Bill Belichick still has a hold on the heartstrings of many Patriots observers, understandably given the unprecedented success he played a part in bringing to Fort Foxborough. Perhaps that’s why some refuse to take owner Robert Kraft at his word that Belichick controlled the player purse strings for the Patriots.
Kraft met with reporters in Las Vegas ahead of the Super Bowl and took the time to stomp out one simmering narrative/Belichick defense strategy following the legendary coach’s departure after 24 seasons — that he lacked the financial resources from ownership to execute his post-Tom Brady rebuild.
“I know there’s a perception that we have held back on spending,” Kraft said last Thursday. “Let me just say, for our fans, that’s just not true.”
The buck stopped with Belichick, literally, when it came to player spending. His competitiveness on the field as a coach often translated to contract negotiations with players. In fact, Patriots players like Vince Wilfork and Brady knew that when you reached a payment impasse with the cost-conscious Belichick, you went to ownership to get the offer to go up. Purported ownership parsimony is not why the Patriots management method imploded post-Brady, culminating in a 4-13 disaster in 2023.
The canonized coach is an X’s-and-O’s mastermind, but he has also proven masterful at ducking and dodging direct responsibility for the Patriots’ downturn, at least publicly.
After being removed from his throne and surprisingly not getting another NFL coaching crown, how convenient is it to hint that ownership is to blame for a philosophy and a policy that stopped getting results? The Krafts let Belichick run football operations unfettered until he ran the team into the ground.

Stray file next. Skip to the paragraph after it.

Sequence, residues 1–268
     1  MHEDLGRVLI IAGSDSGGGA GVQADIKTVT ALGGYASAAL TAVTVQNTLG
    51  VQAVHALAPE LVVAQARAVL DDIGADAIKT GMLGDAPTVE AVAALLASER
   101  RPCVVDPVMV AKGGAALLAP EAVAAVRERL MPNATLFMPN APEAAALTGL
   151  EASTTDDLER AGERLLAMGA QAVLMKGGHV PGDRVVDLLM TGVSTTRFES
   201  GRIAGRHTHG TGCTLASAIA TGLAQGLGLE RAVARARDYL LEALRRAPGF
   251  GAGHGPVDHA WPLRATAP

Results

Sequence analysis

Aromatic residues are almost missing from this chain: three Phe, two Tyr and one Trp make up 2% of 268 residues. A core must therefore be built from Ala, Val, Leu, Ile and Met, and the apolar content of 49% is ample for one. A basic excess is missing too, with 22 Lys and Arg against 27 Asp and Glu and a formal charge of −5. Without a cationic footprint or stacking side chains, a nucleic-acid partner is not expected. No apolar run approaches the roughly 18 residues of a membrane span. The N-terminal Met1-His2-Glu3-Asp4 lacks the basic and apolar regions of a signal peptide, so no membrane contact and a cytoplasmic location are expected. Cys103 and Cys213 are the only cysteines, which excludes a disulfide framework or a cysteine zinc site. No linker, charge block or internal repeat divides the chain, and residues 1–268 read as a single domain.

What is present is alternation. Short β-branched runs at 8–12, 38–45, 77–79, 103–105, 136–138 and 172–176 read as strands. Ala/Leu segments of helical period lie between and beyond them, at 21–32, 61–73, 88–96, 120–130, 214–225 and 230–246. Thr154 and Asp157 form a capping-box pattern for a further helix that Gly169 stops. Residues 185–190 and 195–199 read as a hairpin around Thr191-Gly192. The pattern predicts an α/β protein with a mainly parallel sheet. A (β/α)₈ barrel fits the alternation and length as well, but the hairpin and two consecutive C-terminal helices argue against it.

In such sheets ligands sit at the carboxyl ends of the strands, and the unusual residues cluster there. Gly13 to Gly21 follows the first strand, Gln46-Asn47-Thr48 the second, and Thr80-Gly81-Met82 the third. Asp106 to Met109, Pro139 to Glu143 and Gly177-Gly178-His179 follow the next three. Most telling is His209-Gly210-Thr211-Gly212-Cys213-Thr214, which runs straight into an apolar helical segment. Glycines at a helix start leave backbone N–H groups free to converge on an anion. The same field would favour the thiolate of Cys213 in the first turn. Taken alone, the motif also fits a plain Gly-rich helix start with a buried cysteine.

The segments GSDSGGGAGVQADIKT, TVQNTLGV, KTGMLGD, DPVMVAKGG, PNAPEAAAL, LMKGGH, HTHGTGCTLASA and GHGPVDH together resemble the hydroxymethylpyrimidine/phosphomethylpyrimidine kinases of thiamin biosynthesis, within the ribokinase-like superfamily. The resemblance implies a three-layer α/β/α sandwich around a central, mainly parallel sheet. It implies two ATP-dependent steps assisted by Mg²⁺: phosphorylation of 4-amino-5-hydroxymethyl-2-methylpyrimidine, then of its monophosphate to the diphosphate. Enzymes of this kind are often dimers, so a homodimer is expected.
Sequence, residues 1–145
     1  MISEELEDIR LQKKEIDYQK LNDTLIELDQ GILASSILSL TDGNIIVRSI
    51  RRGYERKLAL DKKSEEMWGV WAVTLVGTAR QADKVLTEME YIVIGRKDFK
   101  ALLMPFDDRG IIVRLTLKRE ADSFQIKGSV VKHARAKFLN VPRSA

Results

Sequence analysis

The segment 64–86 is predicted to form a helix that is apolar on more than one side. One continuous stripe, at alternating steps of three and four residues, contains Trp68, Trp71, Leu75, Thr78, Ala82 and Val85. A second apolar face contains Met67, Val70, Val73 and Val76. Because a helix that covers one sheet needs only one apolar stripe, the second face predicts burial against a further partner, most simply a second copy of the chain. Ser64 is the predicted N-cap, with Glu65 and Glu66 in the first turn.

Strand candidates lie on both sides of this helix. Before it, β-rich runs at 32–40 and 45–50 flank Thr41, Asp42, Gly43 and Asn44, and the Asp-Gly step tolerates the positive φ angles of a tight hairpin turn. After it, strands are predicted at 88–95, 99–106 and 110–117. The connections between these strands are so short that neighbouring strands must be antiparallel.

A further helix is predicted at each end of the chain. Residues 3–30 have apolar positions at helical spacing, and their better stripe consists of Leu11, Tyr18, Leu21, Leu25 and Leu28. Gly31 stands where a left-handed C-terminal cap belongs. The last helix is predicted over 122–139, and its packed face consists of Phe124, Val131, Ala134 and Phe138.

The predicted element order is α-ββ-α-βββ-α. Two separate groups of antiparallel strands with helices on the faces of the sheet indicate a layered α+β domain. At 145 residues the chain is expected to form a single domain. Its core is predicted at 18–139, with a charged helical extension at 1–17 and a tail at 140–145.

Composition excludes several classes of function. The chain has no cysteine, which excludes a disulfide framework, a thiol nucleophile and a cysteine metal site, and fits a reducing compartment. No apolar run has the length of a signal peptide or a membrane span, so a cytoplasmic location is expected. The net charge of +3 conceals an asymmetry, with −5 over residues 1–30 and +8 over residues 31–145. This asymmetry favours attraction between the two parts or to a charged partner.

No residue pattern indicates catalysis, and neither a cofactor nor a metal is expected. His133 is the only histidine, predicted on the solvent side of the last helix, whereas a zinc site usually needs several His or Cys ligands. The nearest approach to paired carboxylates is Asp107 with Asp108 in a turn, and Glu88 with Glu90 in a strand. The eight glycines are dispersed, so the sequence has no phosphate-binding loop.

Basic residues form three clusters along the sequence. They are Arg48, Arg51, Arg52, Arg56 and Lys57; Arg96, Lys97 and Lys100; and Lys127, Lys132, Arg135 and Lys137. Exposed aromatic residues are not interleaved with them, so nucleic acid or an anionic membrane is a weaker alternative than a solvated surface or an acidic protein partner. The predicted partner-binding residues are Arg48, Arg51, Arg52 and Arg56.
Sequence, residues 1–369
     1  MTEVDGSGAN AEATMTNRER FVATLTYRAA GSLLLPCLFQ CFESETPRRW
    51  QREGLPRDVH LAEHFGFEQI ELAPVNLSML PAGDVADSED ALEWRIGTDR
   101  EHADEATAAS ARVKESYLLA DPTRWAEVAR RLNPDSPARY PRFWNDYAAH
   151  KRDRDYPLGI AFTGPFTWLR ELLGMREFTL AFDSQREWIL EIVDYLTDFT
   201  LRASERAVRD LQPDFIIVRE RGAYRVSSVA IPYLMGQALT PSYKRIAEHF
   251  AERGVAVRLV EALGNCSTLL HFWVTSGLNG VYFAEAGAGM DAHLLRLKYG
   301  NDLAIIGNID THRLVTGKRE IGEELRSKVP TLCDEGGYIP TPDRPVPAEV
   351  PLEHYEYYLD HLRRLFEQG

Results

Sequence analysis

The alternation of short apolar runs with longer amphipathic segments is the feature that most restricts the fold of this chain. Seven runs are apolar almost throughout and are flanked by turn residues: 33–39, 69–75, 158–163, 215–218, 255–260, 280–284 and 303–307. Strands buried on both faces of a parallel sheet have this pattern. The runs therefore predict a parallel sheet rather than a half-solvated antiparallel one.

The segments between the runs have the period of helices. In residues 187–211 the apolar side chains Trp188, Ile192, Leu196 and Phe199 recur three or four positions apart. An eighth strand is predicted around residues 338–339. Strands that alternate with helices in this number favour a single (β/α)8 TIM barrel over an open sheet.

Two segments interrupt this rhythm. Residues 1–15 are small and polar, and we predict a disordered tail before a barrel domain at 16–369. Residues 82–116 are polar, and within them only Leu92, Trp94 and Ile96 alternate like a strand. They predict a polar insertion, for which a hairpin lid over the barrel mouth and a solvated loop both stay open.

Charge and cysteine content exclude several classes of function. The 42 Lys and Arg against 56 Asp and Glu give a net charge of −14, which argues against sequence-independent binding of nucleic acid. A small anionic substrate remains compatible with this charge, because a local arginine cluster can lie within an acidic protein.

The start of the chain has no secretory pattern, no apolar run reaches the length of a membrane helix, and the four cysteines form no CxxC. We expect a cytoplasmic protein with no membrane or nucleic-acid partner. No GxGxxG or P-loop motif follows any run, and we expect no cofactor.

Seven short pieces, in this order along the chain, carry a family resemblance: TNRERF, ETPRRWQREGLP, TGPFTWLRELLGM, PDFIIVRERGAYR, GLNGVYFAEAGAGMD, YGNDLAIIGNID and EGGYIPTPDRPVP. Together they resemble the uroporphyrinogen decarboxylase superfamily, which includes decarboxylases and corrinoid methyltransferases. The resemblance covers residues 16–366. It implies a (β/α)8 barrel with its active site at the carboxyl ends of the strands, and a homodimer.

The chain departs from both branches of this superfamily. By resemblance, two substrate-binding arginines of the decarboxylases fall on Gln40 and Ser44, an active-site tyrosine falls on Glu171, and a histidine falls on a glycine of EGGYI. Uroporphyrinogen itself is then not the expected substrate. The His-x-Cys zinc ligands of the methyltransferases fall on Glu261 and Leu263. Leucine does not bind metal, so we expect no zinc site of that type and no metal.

For years, Belichick fawners have stated that the Krafts shouldn’t meddle in football matters. Leave Belichick alone to make all the decisions. That’s what they did, with scant exceptions. But now the Krafts should’ve meddled and made Bargain Bill spend more money because it’s their team?
Yes, the Patriots ranked 31st in cash spending in 2023. But that’s not anything new. They enjoyed great success there when they had the built-in advantage of Brady.
Admittedly, no owner is going to object to an executive who runs his department more efficiently financially.
Kraft told reporters: “Look, we were blessed to have a coach in our system who was a great coach and also understood value. He ran a tight ship. They say we’ve been low spenders in the last 10 years, and that might be true. But we had a pretty good record. … Our coaches have always had the ability to spend at whatever level they wanted.”
The approach worked for all credit-craving parties until it didn’t. Belichick, who majored in economics at Wesleyan, didn’t adjust his system as needed.
There were times when people in the organization would’ve preferred the coach spend more freely. But Belichick felt it wasn’t the right move. Perhaps he was concerned it would disrupt the delicate hierarchy of the locker room or he didn’t want to tie up salary-cap space or he wanted to cement his authority over his players.
All that was his prerogative as football operations potentate.